Kids try their hand with robotic surgery gear during Hoag visit
It’s not every day that 11-year-olds get to perform surgery.
Or rather, perform surgical simulations with state-of-the-art equipment.
But Hoag Hospital in Newport Beach opened its doors last week to nine south Orange County preteens who had won awards at the VEX World Championships in Louisville, Ky., in April.
The students were part of two teams that represented John Malcom Elementary School in Laguna Niguel during the robotics tournament, where thousands of students from as far away as China and New Zealand brought robots they had created to perform tasks such as scooping up balls and launching them into a net.
Having graduated from elementary school, the students from the John Malcom teams are now dispersed among three middle schools.
But nine members of the two teams decided to form one group to compete at the Robotics Team Competition on Dec. 10 in San Diego, where they will build another robot and give a research presentation on robot-assisted surgery.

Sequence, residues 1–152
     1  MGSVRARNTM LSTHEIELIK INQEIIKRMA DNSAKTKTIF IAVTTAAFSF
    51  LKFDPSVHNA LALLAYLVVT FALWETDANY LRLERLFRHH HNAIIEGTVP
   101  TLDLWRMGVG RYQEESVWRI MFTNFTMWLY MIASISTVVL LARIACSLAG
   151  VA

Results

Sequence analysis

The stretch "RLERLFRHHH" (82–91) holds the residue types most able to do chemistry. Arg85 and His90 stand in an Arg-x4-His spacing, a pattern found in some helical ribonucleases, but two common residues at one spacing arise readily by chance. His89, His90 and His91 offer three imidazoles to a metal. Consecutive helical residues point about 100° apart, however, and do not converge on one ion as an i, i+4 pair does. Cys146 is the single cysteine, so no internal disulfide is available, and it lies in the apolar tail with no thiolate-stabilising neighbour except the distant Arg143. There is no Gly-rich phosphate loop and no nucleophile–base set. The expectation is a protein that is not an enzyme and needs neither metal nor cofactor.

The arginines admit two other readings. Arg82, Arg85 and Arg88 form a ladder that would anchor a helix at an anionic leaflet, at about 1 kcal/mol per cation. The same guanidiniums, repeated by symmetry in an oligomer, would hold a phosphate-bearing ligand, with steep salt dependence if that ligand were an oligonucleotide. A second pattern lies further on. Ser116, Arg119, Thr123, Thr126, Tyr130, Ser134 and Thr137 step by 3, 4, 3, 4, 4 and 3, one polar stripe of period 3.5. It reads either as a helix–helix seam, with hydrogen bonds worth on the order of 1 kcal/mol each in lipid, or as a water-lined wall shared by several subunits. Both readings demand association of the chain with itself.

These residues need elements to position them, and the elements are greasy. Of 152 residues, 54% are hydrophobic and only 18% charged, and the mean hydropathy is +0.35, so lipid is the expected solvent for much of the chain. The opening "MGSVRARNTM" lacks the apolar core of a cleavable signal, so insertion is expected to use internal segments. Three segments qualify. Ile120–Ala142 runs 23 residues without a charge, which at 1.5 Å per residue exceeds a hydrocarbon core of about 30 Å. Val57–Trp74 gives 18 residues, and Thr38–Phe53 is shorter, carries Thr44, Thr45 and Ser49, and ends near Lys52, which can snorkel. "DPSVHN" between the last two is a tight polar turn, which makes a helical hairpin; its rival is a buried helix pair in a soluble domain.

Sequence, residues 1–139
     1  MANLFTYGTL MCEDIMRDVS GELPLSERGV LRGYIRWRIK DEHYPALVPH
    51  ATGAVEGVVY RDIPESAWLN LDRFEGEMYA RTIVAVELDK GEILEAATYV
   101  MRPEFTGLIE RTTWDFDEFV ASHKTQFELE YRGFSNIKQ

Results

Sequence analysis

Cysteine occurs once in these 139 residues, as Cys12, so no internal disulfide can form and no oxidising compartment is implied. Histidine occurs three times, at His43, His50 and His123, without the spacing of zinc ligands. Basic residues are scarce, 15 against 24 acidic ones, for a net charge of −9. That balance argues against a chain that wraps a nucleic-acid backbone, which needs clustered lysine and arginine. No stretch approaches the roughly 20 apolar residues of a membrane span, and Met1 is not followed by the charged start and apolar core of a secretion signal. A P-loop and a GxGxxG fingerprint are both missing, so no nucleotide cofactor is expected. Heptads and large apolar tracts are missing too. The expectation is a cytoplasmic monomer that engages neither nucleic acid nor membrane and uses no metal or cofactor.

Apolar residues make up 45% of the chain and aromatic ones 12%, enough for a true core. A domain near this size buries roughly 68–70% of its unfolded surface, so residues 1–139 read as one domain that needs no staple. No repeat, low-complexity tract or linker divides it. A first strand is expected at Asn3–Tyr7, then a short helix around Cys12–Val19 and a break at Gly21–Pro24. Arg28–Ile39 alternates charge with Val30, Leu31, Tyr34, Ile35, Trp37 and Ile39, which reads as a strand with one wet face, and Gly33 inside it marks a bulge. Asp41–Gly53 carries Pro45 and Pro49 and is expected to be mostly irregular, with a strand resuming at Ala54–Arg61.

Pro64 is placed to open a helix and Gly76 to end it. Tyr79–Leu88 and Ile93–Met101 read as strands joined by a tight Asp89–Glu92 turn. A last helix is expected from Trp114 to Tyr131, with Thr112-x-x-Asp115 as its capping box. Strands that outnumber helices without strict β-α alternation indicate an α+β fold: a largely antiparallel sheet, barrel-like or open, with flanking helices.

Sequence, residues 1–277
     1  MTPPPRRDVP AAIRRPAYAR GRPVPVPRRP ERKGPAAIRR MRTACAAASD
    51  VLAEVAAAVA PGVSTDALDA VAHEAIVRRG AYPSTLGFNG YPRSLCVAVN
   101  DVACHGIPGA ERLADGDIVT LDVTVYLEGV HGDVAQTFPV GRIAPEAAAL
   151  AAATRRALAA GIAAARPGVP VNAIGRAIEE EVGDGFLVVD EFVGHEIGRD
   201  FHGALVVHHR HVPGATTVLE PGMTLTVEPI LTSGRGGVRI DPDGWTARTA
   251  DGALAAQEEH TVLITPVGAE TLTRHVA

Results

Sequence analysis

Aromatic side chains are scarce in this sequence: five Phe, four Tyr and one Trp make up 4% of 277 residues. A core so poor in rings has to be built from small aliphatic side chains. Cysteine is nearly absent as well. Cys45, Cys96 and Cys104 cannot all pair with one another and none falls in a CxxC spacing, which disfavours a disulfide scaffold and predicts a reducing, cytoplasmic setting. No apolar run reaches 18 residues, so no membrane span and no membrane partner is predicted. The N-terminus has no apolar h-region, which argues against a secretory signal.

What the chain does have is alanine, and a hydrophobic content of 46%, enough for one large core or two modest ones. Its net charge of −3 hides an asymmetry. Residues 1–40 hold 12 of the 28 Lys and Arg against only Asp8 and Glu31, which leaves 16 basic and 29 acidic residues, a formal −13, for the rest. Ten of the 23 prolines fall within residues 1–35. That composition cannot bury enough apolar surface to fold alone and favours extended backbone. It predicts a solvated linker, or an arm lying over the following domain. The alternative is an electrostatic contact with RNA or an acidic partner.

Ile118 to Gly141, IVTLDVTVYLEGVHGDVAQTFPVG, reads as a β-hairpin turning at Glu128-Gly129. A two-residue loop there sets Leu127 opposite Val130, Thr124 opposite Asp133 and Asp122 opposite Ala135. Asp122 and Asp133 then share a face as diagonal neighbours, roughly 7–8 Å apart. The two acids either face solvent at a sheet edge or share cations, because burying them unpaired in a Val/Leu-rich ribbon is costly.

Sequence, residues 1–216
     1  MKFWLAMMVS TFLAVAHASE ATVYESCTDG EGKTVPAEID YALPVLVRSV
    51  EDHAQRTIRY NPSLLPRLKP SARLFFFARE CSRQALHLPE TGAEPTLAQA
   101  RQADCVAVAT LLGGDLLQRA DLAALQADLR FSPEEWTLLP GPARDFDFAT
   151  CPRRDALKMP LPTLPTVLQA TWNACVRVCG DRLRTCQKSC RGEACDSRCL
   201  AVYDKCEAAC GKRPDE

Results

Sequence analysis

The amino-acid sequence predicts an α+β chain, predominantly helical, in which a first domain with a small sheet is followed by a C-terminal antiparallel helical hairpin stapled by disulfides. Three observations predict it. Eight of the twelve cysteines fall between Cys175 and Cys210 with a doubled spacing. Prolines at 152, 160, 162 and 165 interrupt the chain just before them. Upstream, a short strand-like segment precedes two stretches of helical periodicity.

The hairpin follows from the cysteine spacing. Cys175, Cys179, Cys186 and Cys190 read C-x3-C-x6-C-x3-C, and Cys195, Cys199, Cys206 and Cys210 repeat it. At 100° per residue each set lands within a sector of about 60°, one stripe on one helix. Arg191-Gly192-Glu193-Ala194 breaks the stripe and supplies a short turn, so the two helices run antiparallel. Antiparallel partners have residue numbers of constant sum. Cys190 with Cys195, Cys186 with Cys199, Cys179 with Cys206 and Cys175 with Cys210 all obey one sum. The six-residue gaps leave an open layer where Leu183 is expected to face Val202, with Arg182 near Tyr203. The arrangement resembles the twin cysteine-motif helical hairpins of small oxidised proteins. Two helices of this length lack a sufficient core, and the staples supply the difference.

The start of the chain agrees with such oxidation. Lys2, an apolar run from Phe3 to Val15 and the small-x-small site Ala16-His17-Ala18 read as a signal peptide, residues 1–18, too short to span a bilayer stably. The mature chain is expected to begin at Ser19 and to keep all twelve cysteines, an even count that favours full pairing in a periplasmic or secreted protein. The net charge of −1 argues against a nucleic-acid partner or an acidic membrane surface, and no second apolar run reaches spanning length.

To aid their research, Dennis Chernekoff, a parent of two students on the team, got in touch with an old friend from high school, Tom Lonergan, executive director of the Jeffrey M. Carlton Heart & Vascular Institute at Hoag Hospital.
“We’re getting a lot of information so when we’re asked questions [at the competition] we can say that we have the experience” with the technology, team member Alexa Chernekoff said during her trip to Hoag.
The students geared up in white surgical suits and hair coverings as Hoag surgeons took them into a room where they could get their hands on the Da Vinci Xi Surgical System — robotic technology that can translate a surgeon’s hand movements into smaller and more precise maneuvers.
The 11-year-olds took turns inserting the robot’s long, slim claws into small openings on a plastic pod. Hoag surgeons turned on a monitor where the students could see a tiny twisted bar within the pod.
The surgeons then presented the youngsters with a challenge — use the robot’s console to operate the claws and move small rubber bands through the twists and turns of the bar.
The students smiled and fixed their eyes on the monitor as they watched their teammates take turns gliding the bands inside the pod.
“We’ve done some research, but it’s not as interesting as the experience of physically doing something,” said team member Agatha Ford.
Alex Chan, email@example.com